All cars to come with a location beacon

It says in the always-recommended Freedom to Tinker blog that

The US National Highway Traffic Safety Administration (NHTSA) is proposing a requirement that every car should broadcast a cleartext message specifying its exact position, speed, and heading ten times per second. In comments filed in April, during the 90-day comment period, we (specifically, Leo Reyzin, Anna Lysyanskaya, Vitaly Shmatikov, Adam Smith, together with the CDT via Joseph Lorenzo Hall and Joseph Jerome) argued that this requirement will result in a significant loss to privacy. Others have aptly argued that the proposed system also has serious security challenges and cannot prevent potentially deadly malicious broadcasts, and that it will be outdated before it is deployed. In this post I focus on privacy, though I think security problems and resulting safety risks are also important to consider.

I actually like this proposal. I’m post privacy, in the sense of being someone who has concluded that privacy is a technological impossibility and therefore a lost cause. The requirement for cleartext is something I see as a feature rather than a bug. What peeves me off royally, far more than the amount of data I’m shoveling to the data brokers with “my” devices, is that there isn’t a legible copy of that data stream for my own use, in self discovery, or what was meant by “quantified self” in a more innocent time, before that term (along with “sharing economy”) got brutally co-opted. My casus belli these days, rather than privacy (or even transparency, which unfortunately has become a weasel word) is information asymmetry, more precisely, the amelioration and preferably neutralization of it. I’m personally more comfortable (actually, less uncomfortable) with data about me being accessible to the world at large than available to paying clients under the understanding that it’s proprietary data. Plus I like the idea of the world of traffic analysis being opened to open source/open data/pubwan types and not just purveyors of “secret sauce” solutions to emerging industries like semi-autonomous vehicles, optimization of logistics, etc.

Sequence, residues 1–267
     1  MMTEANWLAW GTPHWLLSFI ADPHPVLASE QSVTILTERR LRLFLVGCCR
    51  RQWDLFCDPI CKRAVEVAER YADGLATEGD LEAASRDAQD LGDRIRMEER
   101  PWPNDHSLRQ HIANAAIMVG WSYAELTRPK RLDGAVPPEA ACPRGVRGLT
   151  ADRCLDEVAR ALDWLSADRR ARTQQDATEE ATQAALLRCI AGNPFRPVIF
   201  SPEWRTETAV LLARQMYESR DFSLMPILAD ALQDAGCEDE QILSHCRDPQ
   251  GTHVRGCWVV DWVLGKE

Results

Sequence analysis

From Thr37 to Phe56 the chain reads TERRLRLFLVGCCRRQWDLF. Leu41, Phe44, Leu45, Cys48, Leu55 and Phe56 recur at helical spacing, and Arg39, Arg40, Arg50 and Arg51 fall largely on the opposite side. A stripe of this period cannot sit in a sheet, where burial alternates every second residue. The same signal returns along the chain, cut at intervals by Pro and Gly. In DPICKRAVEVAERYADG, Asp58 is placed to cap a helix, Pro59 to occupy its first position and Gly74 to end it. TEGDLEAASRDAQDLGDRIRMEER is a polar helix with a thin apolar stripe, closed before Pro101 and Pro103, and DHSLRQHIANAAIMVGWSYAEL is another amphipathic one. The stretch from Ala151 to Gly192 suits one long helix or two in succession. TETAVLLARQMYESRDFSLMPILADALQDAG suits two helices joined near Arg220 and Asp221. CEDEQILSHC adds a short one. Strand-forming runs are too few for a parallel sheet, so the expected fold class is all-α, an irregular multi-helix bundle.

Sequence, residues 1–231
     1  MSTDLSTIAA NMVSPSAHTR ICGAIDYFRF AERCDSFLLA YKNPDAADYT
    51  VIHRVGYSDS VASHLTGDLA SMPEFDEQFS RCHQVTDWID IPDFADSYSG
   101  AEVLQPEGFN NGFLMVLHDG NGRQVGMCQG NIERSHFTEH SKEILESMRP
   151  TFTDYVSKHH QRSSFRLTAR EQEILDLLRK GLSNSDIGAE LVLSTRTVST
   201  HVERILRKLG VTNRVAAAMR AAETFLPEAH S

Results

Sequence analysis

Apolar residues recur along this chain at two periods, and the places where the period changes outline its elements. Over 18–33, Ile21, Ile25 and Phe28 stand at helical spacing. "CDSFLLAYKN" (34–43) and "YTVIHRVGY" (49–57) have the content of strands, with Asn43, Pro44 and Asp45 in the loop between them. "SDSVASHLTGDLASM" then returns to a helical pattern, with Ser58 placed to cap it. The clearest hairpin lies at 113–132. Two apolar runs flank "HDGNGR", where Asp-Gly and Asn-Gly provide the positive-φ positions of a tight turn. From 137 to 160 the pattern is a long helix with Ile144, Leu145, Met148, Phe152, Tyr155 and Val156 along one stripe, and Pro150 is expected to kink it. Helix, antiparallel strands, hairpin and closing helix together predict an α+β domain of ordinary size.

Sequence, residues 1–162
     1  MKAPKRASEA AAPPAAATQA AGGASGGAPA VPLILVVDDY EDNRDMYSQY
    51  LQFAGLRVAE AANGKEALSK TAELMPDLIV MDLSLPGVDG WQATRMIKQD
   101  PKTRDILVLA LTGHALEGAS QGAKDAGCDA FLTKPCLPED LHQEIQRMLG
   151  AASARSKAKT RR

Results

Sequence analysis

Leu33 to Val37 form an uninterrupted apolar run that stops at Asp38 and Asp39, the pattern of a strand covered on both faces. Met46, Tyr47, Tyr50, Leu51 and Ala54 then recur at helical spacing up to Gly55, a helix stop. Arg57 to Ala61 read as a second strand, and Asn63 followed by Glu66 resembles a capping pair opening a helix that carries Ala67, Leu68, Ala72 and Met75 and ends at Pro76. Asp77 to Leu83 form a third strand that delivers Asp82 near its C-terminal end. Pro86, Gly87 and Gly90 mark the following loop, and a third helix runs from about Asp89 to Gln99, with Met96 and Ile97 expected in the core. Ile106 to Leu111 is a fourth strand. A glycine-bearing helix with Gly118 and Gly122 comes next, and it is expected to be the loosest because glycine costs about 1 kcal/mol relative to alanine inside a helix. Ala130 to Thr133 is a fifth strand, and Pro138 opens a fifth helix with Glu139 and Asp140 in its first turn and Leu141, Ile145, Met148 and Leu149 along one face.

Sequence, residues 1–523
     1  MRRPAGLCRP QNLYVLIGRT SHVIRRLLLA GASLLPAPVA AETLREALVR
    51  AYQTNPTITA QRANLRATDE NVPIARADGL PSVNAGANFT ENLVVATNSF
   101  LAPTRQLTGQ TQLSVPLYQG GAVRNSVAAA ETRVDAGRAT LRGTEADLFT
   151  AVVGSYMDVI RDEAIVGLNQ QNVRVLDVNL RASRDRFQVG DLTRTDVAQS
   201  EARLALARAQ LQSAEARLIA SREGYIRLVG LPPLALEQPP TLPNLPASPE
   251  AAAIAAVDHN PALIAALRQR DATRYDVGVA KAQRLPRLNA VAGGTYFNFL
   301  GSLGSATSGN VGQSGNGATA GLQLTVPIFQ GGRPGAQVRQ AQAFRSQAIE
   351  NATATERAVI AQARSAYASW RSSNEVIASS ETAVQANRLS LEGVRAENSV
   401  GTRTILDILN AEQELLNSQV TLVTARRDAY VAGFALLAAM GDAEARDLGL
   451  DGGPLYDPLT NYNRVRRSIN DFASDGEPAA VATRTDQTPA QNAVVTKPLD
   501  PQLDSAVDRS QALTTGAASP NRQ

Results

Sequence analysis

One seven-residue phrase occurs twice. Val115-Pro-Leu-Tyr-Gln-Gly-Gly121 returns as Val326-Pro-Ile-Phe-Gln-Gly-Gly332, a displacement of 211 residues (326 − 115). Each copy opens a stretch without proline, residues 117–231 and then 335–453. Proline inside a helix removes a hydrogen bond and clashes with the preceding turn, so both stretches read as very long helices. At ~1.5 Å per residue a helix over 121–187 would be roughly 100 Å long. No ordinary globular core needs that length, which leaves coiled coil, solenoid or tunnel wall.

Don’t get me wrong, I do see a downside to this. Most importantly, the security concerns. Many people place some value on the largely empty phrase “privacy policy” because it promises that access to personal data will be vetted, so supposedly it will be aggressively kept out of the hands of cybercriminals. If it’s put into the hands of narrowcasters and precision-target marketers, well, at least they’re not criminals, and as they say, TANSTAAFL. Also, even my post-privacy self would like some trips to be discreet. I’m thinking I can live with plaintext geotelemetry being either allowed or required, if a hard off switch is provided. But since the “selling point” of this is helping “emergency services,” we can be pretty sure that’s one feature which will be disallowed. Honestly, just the stated reasons are reason enough for a NO vote from me. But I do sorely wish there were a place in the world for an internet of nonproprietary things, that communicate with the world at large, and generate data that somehow manages to be actionable without being monetized. I know, I know, information wants to be valuable. (Sigh)

About n8chz

पृथ्वी की उच्च किराया जिले में उद्यमिता कौशल अभाव
This entry was posted in Uncategorized. Bookmark the permalink.

Leave a Reply

Fill in your details below or click an icon to log in: Logo

You are commenting using your account. Log Out /  Change )

Twitter picture

You are commenting using your Twitter account. Log Out /  Change )

Facebook photo

You are commenting using your Facebook account. Log Out /  Change )

Connecting to %s